Nonsurgical Options to Treat Carpal Tunnel Syndrome
Surgery for the repetitive stress injury, carpal tunnel syndrome, isn't always the best approach. Some patients, for a variety of reasons, either shouldn't have, don't yet need, or can't have surgery. For this reason, it's important to look for alternative, nonsurgical approaches to treatment. The author of this article asks the question, "What is the best nonsurgical treatment for carpal tunnel syndrome?"

Treating carpal tunnel syndrome starts with looking at the goal. What is the outcome the doctor and patient expect from the treatment plan? While it may seem that the goal is the same for everyone, this isn't always so. For example, if your priority is to return to your previous activities without any symptoms as soon as possible, surgery may be the answer. But if you have the time to work on your treatment, your doctor may want to try the other options. These include medications, either injected directly into the area (such as steroids) or oral medications to help relieve pain and inflammation, to lifestyle changes and splinting.

Splinting your wrist makes it so you can't move your hand in the motion that irritates the nerve that is running through the carpal tunnel. This allows the inflammation to go down and relieve pain and symptoms. Several studies have been done to see how effective splinting is in treating carpal tunnel syndrome and the results aren't clear. The studies were too small or didn't have enough evidence to come to a strong conclusion.

Some doctors have used ultrasound to treat carpal tunnel syndrome and at least two studies have found that, compared with fake ultrasound (placebo), the ultrasound helped the patients. Another study compared ultrasound to laser and the ultrasound came out ahead. Other treatments didn't show any impressive results or hadn't been studied enough to provide good results. These include treatments such as heat therapy, therapeutic touch, chiropractics, and iontophoresis (electrical currents).

Medications such as steroids can be given either by mouth or injection directly to the problem area. Both aim to reduce inflammation. Oral steroids compared against placebos did show good effect at reducing symptoms, but the long-term effects weren't there. Plus, doctors have to be wary of providing steroids for long periods because of the effects steroids can have on the rest of the body. The injectable type of steroids has been looked at in several studies. There have been good effects in the short-term (two to four weeks) and have been found better at three months than oral steroids. One study found that combining steroid injections with splinting provided good responses as far as six months down the road, when compared to just splinting alone. There is debate as to whether injecting steroids is worth it because the long-term effects aren't well known.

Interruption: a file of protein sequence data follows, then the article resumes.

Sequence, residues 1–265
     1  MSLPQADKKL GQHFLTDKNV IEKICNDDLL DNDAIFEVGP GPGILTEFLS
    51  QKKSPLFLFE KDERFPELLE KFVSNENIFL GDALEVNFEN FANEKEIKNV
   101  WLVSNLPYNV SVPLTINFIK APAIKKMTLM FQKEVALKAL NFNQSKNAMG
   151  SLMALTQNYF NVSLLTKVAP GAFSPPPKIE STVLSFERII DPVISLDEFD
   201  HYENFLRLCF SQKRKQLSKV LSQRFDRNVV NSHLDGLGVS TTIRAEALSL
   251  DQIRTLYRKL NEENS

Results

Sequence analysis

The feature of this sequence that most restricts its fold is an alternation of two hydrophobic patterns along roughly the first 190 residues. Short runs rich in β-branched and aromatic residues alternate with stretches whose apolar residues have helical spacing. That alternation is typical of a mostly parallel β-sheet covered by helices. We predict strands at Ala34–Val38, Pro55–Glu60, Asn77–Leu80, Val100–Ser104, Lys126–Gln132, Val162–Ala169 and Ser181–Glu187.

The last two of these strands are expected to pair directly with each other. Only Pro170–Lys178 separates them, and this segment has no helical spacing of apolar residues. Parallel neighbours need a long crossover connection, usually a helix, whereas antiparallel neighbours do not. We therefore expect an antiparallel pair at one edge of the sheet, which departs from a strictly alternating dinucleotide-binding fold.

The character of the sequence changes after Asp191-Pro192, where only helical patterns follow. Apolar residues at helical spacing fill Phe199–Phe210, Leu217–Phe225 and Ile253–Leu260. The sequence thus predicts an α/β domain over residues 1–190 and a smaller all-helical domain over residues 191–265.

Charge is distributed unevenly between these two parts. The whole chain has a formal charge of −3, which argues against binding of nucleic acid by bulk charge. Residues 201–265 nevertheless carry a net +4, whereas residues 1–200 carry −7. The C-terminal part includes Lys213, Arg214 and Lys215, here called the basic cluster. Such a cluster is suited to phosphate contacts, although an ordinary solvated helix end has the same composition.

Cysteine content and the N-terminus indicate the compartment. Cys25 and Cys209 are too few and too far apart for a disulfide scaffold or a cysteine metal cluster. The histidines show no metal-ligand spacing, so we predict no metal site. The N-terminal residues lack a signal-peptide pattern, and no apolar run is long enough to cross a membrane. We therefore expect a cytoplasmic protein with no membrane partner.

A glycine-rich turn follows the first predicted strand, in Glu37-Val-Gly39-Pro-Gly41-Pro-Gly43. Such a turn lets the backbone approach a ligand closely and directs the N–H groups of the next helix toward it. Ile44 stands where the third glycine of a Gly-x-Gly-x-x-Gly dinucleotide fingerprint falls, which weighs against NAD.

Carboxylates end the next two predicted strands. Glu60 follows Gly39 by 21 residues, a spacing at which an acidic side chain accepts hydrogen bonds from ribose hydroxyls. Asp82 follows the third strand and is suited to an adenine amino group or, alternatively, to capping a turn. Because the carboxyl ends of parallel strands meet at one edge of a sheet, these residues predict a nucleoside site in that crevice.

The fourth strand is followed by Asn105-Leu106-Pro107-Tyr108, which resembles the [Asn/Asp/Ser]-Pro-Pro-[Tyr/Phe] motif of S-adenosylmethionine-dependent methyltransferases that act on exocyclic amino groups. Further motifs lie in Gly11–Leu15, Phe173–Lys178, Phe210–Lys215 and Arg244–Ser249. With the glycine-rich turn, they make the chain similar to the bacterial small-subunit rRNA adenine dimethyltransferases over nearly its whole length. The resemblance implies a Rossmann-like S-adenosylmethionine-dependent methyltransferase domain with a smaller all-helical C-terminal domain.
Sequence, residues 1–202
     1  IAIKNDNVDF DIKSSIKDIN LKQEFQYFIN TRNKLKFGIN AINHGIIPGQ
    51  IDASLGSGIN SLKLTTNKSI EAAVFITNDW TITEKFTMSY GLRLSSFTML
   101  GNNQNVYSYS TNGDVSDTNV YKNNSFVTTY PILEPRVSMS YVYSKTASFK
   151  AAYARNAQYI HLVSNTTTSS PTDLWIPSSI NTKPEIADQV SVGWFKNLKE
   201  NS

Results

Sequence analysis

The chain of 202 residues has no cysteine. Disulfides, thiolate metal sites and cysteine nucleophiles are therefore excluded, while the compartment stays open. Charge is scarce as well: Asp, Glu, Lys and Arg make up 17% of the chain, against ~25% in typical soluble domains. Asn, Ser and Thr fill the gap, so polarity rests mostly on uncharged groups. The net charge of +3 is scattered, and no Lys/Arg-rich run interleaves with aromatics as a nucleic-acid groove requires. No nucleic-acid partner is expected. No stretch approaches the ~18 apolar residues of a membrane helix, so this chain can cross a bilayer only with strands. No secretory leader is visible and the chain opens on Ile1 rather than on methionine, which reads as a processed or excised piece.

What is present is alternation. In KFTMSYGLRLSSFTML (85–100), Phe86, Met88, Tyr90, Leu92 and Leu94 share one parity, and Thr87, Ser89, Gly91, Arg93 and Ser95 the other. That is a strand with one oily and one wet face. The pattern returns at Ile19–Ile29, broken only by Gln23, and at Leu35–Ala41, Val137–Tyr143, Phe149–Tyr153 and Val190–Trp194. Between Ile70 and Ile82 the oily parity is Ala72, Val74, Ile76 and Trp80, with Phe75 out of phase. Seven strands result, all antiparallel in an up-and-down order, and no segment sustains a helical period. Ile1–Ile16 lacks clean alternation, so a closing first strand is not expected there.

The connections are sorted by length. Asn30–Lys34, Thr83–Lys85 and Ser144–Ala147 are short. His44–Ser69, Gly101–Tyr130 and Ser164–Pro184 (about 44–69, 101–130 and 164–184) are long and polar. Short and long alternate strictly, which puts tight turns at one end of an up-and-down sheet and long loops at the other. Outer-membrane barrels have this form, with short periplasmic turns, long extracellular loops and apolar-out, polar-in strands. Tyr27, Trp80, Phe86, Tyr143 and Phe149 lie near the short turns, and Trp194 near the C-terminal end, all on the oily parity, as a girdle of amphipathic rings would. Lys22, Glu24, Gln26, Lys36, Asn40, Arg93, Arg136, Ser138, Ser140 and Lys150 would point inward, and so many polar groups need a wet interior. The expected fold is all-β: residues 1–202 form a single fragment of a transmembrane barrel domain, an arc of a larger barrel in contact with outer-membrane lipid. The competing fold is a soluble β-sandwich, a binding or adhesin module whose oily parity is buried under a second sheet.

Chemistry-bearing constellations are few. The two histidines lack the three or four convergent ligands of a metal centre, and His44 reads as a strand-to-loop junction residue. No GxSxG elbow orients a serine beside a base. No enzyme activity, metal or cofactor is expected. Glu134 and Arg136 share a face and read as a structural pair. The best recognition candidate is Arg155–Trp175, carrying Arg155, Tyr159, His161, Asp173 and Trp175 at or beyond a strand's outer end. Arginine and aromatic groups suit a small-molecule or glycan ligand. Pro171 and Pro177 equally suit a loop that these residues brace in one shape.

Diuretics (so-called water pills) may be tried, along with nonsteroidal anti-inflammatory drugs (NSAIDs). The studies for this treatment have been too short or too small to draw any conclusions.

The author writes that there is precious little in the way of consisted research into the treatment of carpal tunnel syndrome. He cites a case that he uses and example, of a 45-year-old patient who sought help because she had intermittent pain and numbness in her right hand, bothering her more at night than during the day. Although her family doctor had tested her and found that there was a problem with the nerve that passes through the carpal tunnel, her doctor hadn't yet suggested any treatments.

By not having adequate studies and not being able to measure outcomes, doctors are at a disadvantage. They can't learn what has worked for others and different approaches that may fit their particular patient. Another area lacking in research is the history of the disorder. While some people are at higher risk of developing a repetitive stress disorder, some people are more at risk than others. Why is that? Studies on this would provide valuable information to both treating doctors and other researchers.

In conclusion, using the knowledge that is provided by the studies, the author explains that to treat the patient in the case study, he would choose night-time splinting for six weeks. If this splinting was successful in relieving symptoms, the splint would be gradually removed over time until it wasn't needed any more. The splint could be reused over the next six to 12 weeks if needed. If, however, the splinting didn't work, then he would likely recommend surgery or, although he's not in favor of it himself, steroid injection in addition to splinting, for a longer period.
Brent Graham, MD. Nonsurgical Treatment of Carpal Tunnel Syndrome. In The Journal of Hand Surgery. March 2009. Vol. 34. No. 3. Pp. 531-534.